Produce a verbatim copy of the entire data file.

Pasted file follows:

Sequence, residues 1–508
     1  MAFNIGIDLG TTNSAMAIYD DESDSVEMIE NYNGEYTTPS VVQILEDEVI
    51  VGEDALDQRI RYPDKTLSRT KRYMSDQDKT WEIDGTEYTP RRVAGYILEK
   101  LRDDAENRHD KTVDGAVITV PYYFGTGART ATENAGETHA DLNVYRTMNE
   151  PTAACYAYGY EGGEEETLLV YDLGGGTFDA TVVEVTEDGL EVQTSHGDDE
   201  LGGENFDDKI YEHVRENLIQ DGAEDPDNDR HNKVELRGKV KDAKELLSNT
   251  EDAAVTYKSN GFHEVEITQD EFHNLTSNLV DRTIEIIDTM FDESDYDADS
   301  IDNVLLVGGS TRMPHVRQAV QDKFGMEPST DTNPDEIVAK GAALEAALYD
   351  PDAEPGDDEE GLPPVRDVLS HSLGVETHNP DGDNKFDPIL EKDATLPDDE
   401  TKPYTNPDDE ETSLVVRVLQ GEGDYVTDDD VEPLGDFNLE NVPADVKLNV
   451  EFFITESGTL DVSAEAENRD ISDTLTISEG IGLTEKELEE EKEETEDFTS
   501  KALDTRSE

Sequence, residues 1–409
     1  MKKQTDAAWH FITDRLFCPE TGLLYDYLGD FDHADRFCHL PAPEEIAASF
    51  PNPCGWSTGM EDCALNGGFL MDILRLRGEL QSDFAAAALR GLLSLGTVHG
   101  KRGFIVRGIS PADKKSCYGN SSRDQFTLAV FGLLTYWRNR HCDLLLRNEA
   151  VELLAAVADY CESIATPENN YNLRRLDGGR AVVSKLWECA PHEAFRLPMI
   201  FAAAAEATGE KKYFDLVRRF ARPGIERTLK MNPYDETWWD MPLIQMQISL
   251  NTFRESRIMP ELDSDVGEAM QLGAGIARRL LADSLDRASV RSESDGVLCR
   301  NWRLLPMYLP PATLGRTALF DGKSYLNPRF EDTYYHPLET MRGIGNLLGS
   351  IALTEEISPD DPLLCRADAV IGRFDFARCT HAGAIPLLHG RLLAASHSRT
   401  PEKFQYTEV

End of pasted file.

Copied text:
Sequence, residues 1–508
     1  MAFNIGIDLG TTNSAMAIYD DESDSVEMIE NYNGEYTTPS VVQILEDEVI
    51  VGEDALDQRI RYPDKTLSRT KRYMSDQDKT WEIDGTEYTP RRVAGYILEK
   101  LRDDAENRHD KTVDGAVITV PYYFGTGART ATENAGETHA DLNVYRTMNE
   151  PTAACYAYGY EGGEEETLLV YDLGGGTFDA TVVEVTEDGL EVQTSHGDDE
   201  LGGENFDDKI YEHVRENLIQ DGAEDPDNDR HNKVELRGKV KDAKELLSNT
   251  EDAAVTYKSN GFHEVEITQD EFHNLTSNLV DRTIEIIDTM FDESDYDADS
   301  IDNVLLVGGS TRMPHVRQAV QDKFGMEPST DTNPDEIVAK GAALEAALYD
   351  PDAEPGDDEE GLPPVRDVLS HSLGVETHNP DGDNKFDPIL EKDATLPDDE
   401  TKPYTNPDDE ETSLVVRVLQ GEGDYVTDDD VEPLGDFNLE NVPADVKLNV
   451  EFFITESGTL DVSAEAENRD ISDTLTISEG IGLTEKELEE EKEETEDFTS
   501  KALDTRSE

Sequence, residues 1–409
     1  MKKQTDAAWH FITDRLFCPE TGLLYDYLGD FDHADRFCHL PAPEEIAASF
    51  PNPCGWSTGM EDCALNGGFL MDILRLRGEL QSDFAAAALR GLLSLGTVHG
   101  KRGFIVRGIS PADKKSCYGN SSRDQFTLAV FGLLTYWRNR HCDLLLRNEA
   151  VELLAAVADY CESIATPENN YNLRRLDGGR AVVSKLWECA PHEAFRLPMI
   201  FAAAAEATGE KKYFDLVRRF ARPGIERTLK MNPYDETWWD MPLIQMQISL
   251  NTFRESRIMP ELDSDVGEAM QLGAGIARRL LADSLDRASV RSESDGVLCR
   301  NWRLLPMYLP PATLGRTALF DGKSYLNPRF EDTYYHPLET MRGIGNLLGS
   351  IALTEEISPD DPLLCRADAV IGRFDFARCT HAGAIPLLHG RLLAASHSRT
   401  PEKFQYTEV